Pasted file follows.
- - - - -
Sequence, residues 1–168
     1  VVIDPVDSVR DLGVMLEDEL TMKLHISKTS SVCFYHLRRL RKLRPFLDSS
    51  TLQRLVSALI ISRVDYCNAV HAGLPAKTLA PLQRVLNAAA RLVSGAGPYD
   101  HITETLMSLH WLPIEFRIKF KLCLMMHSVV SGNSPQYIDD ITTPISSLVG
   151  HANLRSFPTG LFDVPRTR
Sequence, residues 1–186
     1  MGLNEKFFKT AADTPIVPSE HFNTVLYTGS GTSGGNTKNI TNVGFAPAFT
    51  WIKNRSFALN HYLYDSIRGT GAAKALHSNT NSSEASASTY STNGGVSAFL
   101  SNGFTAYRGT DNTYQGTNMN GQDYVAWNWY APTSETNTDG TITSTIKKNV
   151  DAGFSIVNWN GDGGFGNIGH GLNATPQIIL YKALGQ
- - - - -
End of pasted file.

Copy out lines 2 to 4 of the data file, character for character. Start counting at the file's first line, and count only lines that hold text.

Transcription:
     1  VVIDPVDSVR DLGVMLEDEL TMKLHISKTS SVCFYHLRRL RKLRPFLDSS
    51  TLQRLVSALI ISRVDYCNAV HAGLPAKTLA PLQRVLNAAA RLVSGAGPYD
   101  HITETLMSLH WLPIEFRIKF KLCLMMHSVV SGNSPQYIDD ITTPISSLVG